Wildlife Forensics

Developments in Forensic Science

Book 6
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Wildlife Forensics: Methods and Applications provides an accessible and practical approach to the key areas involved in this developing subject. The book contains case studies throughout the text that take the reader from the field, to the lab analysis to the court room, giving a complete insight into the path of forensic evidence and demonstrating how current techniques can be applied to wildlife forensics.

The book contains approaches that wildlife forensic investigators and laboratory technicians can employ in investigations and provides the direction and practical advice required by legal and police professionals seeking to gain the evidence needed to prosecute wildlife crimes.

The book will bring together in one text various aspects of wildlife forensics, including statistics, toxicology, pathology, entomology, morphological identification, and DNA analysis.

This book will be an invaluable reference and will provide investigators, laboratory technicians and students in forensic Science/conservation biology classes with practical guidance and best methods for criminal investigations applied to wildlife crime.

  • Includes practical techniques that wildlife forensic investigators and laboratory technicians can employ in investigations.
  • Includes case studies to illustrate various key methods and applications.
  • Brings together diverse areas of forensic science and demonstrates their application specifically to the field of wildlife crime.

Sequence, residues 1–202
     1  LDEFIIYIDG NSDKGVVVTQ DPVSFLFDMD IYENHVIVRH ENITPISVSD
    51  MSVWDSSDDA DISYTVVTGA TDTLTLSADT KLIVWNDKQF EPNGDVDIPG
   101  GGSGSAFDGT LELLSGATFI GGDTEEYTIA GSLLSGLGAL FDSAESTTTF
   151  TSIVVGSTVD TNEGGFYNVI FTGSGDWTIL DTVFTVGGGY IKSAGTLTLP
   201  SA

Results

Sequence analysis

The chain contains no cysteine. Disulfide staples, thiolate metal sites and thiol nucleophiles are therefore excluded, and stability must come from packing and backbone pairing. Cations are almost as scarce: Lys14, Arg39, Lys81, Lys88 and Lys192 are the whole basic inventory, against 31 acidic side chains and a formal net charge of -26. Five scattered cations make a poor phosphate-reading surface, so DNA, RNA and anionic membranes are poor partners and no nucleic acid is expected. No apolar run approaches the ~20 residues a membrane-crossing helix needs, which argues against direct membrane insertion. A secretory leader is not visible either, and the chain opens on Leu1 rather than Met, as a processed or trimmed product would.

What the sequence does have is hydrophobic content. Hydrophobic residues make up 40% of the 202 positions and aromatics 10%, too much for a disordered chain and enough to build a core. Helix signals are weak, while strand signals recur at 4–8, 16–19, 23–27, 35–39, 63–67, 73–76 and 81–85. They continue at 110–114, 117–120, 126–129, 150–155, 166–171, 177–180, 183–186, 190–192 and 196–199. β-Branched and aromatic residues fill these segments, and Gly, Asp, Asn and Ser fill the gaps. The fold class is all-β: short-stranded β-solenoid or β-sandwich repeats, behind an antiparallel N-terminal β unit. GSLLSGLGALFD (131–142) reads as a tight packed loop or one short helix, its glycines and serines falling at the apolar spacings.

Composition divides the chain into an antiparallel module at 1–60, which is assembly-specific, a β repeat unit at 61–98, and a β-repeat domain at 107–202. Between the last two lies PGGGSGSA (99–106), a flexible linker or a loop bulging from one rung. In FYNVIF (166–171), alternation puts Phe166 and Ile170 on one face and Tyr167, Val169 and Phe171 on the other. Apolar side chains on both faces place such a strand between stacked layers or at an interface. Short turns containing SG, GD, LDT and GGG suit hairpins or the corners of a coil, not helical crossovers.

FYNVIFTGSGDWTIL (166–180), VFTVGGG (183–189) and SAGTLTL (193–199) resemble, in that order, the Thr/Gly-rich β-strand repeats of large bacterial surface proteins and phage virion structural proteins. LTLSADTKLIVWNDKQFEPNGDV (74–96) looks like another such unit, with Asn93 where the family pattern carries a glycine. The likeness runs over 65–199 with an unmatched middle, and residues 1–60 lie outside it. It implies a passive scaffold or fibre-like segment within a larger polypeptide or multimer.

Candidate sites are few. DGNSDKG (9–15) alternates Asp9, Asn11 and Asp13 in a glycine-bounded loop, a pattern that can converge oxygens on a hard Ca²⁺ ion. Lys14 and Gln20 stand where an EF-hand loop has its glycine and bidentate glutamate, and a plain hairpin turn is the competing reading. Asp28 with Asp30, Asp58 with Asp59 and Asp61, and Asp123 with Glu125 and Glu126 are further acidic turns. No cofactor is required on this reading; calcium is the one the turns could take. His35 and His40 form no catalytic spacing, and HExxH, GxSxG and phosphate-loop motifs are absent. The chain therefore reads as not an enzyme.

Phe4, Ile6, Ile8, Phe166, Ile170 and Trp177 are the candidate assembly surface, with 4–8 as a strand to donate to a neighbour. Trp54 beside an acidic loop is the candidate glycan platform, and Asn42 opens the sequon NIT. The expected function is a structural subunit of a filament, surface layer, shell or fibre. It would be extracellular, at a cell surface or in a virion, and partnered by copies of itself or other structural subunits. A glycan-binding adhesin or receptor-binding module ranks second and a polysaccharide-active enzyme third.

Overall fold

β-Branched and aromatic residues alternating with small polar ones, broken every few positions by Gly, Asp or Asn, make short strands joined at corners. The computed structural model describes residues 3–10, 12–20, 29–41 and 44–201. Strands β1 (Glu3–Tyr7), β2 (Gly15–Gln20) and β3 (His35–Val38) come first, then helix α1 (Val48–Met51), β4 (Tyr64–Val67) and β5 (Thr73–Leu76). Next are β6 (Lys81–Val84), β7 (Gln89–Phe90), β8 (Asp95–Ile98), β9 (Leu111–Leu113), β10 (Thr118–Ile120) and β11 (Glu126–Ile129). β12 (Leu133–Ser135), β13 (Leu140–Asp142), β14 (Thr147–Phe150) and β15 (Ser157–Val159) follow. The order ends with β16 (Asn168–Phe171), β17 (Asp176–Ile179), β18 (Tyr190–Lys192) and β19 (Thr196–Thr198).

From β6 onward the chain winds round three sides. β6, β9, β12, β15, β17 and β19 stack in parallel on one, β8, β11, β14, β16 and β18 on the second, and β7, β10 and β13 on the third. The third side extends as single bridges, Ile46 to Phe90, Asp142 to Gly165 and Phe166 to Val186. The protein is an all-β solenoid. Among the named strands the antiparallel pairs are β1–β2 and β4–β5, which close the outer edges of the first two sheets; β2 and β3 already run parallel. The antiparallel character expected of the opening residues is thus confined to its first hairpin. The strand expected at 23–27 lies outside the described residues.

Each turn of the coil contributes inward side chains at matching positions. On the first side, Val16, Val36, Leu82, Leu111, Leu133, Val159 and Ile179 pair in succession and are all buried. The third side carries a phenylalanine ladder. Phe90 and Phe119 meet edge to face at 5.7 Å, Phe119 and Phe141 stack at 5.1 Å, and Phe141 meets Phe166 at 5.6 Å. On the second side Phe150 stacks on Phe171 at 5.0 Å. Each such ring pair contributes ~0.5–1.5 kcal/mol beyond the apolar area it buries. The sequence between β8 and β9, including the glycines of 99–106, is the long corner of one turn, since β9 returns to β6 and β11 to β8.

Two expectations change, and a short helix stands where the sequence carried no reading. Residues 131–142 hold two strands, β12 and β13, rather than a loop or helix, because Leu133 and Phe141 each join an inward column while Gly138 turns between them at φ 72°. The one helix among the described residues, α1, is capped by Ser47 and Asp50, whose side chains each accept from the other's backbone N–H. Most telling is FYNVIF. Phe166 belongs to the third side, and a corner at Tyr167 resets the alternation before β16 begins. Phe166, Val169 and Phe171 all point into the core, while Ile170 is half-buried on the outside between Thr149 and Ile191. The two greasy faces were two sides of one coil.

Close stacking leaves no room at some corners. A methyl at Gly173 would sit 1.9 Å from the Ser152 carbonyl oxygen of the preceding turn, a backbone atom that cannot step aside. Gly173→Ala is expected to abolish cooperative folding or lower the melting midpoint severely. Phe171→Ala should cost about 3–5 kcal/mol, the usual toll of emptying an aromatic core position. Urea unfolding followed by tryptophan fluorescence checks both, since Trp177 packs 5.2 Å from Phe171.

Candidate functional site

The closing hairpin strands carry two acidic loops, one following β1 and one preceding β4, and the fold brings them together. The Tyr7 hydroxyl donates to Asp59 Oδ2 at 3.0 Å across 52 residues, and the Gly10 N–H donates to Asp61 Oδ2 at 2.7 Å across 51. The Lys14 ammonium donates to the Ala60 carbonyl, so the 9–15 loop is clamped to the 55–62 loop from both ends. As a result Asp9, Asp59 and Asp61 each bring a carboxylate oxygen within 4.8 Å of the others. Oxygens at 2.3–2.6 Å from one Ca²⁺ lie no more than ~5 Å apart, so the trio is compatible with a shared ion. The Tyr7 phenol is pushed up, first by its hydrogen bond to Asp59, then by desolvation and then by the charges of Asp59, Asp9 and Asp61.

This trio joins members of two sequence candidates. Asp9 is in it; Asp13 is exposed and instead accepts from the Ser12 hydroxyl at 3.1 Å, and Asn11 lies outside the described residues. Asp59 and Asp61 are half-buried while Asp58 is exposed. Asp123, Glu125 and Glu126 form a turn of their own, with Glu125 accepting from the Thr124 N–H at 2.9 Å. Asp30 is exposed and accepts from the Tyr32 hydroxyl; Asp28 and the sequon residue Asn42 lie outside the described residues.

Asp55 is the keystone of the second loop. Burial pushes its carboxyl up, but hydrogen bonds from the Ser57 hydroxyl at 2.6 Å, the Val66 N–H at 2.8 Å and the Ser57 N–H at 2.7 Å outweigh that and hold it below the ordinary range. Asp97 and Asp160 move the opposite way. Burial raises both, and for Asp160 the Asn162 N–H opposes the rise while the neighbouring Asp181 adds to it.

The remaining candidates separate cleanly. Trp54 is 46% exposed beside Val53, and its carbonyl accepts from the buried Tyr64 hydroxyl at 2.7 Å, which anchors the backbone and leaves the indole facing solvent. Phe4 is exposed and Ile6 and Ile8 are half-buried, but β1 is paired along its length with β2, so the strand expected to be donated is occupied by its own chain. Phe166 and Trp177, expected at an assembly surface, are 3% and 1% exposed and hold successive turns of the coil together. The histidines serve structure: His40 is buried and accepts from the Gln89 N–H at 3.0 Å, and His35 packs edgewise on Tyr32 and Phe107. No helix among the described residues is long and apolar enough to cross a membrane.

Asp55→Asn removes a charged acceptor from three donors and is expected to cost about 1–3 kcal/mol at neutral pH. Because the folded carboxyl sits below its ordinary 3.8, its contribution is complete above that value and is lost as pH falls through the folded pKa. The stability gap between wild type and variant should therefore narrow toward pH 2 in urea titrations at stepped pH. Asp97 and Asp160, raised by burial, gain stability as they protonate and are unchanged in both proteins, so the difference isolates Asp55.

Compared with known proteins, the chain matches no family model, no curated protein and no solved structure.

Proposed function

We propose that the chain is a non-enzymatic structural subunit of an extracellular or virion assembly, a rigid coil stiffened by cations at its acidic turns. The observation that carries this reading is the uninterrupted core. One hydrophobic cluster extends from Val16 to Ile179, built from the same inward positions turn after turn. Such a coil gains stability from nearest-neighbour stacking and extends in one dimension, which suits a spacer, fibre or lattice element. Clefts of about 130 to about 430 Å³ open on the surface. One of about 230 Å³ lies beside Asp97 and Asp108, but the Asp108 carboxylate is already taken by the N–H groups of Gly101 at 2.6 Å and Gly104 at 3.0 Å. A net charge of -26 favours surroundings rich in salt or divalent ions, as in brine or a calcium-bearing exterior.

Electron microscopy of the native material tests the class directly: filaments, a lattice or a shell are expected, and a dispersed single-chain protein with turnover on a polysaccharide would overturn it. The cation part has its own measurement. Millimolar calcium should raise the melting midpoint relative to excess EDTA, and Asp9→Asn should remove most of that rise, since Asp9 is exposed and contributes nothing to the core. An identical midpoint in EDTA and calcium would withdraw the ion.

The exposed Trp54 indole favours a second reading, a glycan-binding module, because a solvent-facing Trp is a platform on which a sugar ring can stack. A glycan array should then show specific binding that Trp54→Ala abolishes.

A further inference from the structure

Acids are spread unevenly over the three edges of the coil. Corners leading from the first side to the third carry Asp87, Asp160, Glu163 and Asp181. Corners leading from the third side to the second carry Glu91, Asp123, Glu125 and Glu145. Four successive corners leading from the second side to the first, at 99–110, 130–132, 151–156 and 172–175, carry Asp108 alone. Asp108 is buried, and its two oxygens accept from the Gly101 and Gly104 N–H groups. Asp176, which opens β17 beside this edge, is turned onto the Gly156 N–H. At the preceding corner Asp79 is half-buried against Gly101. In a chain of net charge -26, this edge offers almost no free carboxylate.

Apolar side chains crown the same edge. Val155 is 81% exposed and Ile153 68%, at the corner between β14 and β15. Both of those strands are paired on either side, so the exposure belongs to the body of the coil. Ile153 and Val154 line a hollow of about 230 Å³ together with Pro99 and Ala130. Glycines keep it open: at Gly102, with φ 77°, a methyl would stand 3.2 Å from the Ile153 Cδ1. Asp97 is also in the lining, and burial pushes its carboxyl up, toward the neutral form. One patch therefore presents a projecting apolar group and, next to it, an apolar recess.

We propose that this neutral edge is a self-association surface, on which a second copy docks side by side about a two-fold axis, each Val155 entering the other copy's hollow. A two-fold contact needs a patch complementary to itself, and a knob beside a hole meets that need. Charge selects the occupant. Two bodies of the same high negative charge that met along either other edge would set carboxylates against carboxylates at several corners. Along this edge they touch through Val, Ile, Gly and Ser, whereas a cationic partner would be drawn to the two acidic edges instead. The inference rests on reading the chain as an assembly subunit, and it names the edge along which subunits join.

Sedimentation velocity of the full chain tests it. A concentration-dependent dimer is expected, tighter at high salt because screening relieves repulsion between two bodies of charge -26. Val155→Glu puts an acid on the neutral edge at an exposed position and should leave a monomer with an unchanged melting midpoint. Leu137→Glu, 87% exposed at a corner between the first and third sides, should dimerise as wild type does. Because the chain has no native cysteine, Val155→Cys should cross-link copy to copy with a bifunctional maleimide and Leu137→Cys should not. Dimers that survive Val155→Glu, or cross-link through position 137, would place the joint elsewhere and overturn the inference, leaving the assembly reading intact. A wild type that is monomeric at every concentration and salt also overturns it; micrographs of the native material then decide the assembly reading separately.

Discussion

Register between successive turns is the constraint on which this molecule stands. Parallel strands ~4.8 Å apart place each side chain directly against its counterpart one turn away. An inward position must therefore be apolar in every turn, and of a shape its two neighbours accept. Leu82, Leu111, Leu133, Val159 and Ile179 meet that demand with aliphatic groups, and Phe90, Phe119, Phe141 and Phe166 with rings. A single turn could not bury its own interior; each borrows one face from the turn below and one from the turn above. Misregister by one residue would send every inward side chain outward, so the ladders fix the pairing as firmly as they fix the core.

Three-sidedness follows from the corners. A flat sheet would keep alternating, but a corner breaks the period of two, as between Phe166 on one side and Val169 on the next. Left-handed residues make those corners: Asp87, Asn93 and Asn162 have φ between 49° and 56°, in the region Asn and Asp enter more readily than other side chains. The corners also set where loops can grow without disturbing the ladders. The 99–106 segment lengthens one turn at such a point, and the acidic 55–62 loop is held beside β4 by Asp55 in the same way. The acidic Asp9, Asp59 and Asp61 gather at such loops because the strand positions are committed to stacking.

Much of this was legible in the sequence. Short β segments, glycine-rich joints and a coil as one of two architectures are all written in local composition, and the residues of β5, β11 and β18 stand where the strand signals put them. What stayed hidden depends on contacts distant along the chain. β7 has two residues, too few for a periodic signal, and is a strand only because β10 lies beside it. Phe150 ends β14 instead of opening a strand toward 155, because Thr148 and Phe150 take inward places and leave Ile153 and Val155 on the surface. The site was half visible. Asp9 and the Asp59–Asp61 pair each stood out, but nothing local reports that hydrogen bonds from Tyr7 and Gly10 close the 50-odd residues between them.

• Contains methodology boxes to lead readers through the processes of individual techniques.
  • Takes an applied approach to the subject to appeal to both students of the subject and practitioners in the field.
  • Includes a broad introduction to what is meant by 'wildlife crime', how to approach a crime scene and collect evidence and includes chapters dedicated to the key techniques utilized in wildlife investigations.
  • Includes chapters on wildlife forensic pathology; zooanthropological techniques; biological trace evidence analysis; the importance of bitemark evidence; plant and wildlife forensics; best practices and law enforcement.
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About the author

Dr. Jane Huffman, Ph.D. is the director of the Northeast Wildlife DNA Laboratory at East Stroudsburg University, where her work focuses on the application of genetic methods to wildlife law enforcement and conservation management. She runs wildlife DNA forensic training courses for conservation officers from New Jersey and Pennsylvania. She, along with her students, has undertaken a wide range of applied research projects including the development of DNA profiling systems for game species in PA and NJ and microscopic hair characterization. The laboratory provides species identification tests for illegally sold wild meat. She provides forensic analysis and expert witness testimony in PA wildlife crime prosecutions.
Dr. Huffman is also the graduate student coordinator for the Department of Biological Sciences at East Stroudsburg University.

Dr. John R. Wallace, Ph.D., D-ABFE, F-AAFS, is one of 15 board-certified forensic entomologists and a diplomate of the American Board of Forensic Entomology. Dr. Wallace is a Professor of Biology and focuses on teaching courses in Entomology, Aquatic Biology, Aquatic Entomology, Forensic Entomology, Forensic Science, and Ecology and Evolution. His research interests cover topics such as mosquito and disease ecology as well as mosquito and blackfly surveillance, and the role of aquatic organisms such as insects, algae and crayfish on decomposition within forensic science.